Shows come and go so fast. For every I Love Lucy or Andy Griffith Show, there are hundreds that have vanished from the pop culture landscape. How many of these do you remember?
In TV-land, millionaires came in two flavors: the crusty old guy with a bushy white mustache (think Mr. Moneybags from the Monopoly game) and handsome, dashing playboys.
Bachelor Father featured this second flavor and served as the launching pad for one of TV’s most durable actors, John Forsythe.
Still working? Great! You avoided the first mistake many Boomers make – retiring too early! The longer you work, the more secure you can make your retirement years.
Here are a few other common mistakes:
Taking Social security Benefits Too Soon – Sure, you can start getting your Social Security at age 62, but the experts say that can reduce yourt benefits by as much as 25%!
Retiring With Credit Card Debt – If you can it pays to pay off all your credit cards before you retire. If you can pay off your car loan and pay down the mortgage, so much the better.
Underestimating Your Life Expectancy – People today are routinely living well into their 80’s. The experts say it’s better to over-estimate than to underestimate; so to be safe, plan on living well into your 90’s!
We must never forget the contributions made to American pop culture by our animated brothers and sisters.
Fresh-Up Freddie got his big show biz break in 1957 when he was selected as the spokesbird for 7-Up. Exactly what kind of bird was never made clear.
The campaign was hatched by the Leo Burnett advertising agency and the design of the character as well as the animation was done by the Walt Disney Studios. Freddie made his debut on Walt Disney’s Zorro TV series, which also debuted in 1957. His voice was provided by veteran voice artist Paul Frees (best remembered as the voice of Boris Badenov as well as the narrator for “The Haunted Mansion” at the Disney theme parks).
The formula for nearly all of Freddie’s commercials began with Freddie asking a hypothetical question that began, “Right now, you’re probably asking yourself…” Of course, the answer to every one of the questions somehow involved using 7-Up. The commercials all ended with Freddie singing a sort of nonsensical jingle that sure sounded like “Beet-en, Beet-en, Beet-en/Nothing does it like 7-Up!” (You can watch one here.)
Alas, as we moved into the 1960’s, 7-Up morphed into “the Un-Cola” and Freddie’s contract was not renewed.
But there was a time when there were actually Fresh-Up Freddie toys, buttons and of course, lots of magazine ads!
Boomtown America is proud to salute this plucky animation icon!
Letting loose with a blast of foul language may have some benefits.
Researchers at Marist College in New York and the Massachusetts College of Liberal Arts determined that people swear profusely also tend to have a wider vocabulary than average.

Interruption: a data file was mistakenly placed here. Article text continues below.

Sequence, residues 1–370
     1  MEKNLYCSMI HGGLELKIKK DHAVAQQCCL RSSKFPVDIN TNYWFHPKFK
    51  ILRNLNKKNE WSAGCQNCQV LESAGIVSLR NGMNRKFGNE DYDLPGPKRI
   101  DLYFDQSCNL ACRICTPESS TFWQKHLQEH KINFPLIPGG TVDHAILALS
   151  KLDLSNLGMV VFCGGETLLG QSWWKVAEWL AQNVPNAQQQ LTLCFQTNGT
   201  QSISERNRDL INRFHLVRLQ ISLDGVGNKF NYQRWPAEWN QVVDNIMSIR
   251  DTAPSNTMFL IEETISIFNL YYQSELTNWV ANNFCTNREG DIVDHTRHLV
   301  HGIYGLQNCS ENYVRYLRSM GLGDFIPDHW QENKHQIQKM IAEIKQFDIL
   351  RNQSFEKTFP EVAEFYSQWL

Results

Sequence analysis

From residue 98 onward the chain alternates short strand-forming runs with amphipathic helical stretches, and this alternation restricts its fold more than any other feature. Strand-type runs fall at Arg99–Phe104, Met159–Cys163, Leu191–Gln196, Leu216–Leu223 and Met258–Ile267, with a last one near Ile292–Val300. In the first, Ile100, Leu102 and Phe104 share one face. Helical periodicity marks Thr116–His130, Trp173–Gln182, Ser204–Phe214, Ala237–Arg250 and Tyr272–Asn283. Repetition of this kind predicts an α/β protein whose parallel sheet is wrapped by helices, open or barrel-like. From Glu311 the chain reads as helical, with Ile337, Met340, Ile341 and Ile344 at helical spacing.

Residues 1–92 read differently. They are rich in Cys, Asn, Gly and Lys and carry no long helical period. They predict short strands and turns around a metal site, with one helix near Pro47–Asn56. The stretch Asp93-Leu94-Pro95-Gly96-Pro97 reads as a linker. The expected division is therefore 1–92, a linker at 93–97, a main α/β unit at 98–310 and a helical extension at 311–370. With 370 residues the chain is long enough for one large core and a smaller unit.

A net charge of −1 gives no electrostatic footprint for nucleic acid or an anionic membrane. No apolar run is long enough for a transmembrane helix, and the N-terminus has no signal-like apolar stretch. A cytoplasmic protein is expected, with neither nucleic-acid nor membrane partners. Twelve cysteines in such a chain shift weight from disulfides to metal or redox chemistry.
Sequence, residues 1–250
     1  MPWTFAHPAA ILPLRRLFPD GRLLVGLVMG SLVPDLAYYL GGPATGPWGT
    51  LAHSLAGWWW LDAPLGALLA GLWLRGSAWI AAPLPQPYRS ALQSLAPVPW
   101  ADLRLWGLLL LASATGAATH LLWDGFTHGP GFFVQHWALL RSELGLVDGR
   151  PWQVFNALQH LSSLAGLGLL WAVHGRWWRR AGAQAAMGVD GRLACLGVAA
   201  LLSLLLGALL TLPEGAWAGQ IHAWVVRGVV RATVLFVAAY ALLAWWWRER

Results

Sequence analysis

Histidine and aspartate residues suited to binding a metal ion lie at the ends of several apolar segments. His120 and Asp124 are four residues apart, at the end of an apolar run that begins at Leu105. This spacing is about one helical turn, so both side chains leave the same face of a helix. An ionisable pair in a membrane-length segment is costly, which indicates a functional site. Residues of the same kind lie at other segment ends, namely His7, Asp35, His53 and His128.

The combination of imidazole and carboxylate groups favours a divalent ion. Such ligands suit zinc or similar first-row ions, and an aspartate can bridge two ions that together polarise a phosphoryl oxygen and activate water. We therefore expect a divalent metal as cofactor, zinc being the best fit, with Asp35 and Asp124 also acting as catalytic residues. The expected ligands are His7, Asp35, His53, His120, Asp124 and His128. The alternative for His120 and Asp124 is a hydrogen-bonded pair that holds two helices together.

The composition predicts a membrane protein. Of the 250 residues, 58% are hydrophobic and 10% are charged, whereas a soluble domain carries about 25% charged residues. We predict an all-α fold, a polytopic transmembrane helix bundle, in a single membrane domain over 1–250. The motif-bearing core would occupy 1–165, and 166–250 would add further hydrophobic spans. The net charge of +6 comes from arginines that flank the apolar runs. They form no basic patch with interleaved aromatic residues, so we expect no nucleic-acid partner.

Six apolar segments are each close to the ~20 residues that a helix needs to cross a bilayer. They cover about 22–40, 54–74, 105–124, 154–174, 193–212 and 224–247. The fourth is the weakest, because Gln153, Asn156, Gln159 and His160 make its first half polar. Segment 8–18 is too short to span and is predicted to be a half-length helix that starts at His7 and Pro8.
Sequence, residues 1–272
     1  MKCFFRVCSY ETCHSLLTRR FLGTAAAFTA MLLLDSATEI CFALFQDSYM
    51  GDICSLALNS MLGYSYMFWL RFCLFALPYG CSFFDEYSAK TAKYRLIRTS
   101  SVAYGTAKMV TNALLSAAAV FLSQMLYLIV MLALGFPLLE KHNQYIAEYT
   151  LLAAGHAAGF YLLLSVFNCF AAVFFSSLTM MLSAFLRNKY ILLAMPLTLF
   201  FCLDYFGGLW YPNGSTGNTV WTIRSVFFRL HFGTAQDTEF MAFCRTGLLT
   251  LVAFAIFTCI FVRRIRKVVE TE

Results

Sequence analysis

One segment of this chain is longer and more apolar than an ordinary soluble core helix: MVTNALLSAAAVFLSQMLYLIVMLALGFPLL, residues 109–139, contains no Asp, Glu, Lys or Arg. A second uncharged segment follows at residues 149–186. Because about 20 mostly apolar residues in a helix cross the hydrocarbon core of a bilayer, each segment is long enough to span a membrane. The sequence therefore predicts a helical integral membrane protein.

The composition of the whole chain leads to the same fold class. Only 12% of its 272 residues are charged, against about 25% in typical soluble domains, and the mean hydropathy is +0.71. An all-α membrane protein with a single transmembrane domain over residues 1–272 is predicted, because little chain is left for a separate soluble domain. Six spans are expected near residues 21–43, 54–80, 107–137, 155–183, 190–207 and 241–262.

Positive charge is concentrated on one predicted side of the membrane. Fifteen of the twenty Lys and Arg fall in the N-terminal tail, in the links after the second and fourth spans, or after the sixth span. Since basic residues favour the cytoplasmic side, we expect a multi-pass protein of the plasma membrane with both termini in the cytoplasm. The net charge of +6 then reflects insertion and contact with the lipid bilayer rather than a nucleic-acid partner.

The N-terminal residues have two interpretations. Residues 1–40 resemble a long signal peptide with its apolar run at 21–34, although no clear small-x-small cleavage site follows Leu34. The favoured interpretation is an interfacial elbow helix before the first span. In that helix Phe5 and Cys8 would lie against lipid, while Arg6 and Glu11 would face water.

Another study at England's Keele University found that swearing can help reduce stress and can also help endure physical pain.
The song that put Stephen Stills and his band, Buffalo Springfield on that map was inspired by the now almost-forgotten Sunset Strip riots of 1966.
By the mid-sixties, L.A.’s Sunset Strip had become the nucleus for the emerging rock & roll nightclub scene. The area was attracting large numbers of teenagers, many of whom simply loitered around the street, not really patronizing any of the clubs.
Local business leaders, not pleased to have so many young people using the Strip as a hangout enacted a 10 p.m. curfew. Resistance to the curfew was almost immediate. A local radio station called for a peaceful rally at one of the clubs, Pandora’s Box (appropriately named, as it turned out), to peacefully protest the curfew. The rally was anything but peaceful. It turned into a riot with kids smashing store windows and car windshields and the police smashing the protesters.
These nightly riots stretched on for weeks, capturing national attention. American International Pictures, always quick to capitalize on anything they thought their teenage drive-in audience wanted to see, even made a quickie picture about the phenomenon called (what else?) Riot on Sunset Strip.
Stills, whose band was part of that emerging scene, thought the whole thing was absurd. The kids were hopelessly outmuscled by the police. So he wrote “For What It’s Worth” as a way to urge his peer group to chill out and think before they got themselves really hurt.
The song became a huge success when it was released on Atco Records in 1967. It’s notable also as one of the few hit records whose title is never mentioned in the lyrics of the song.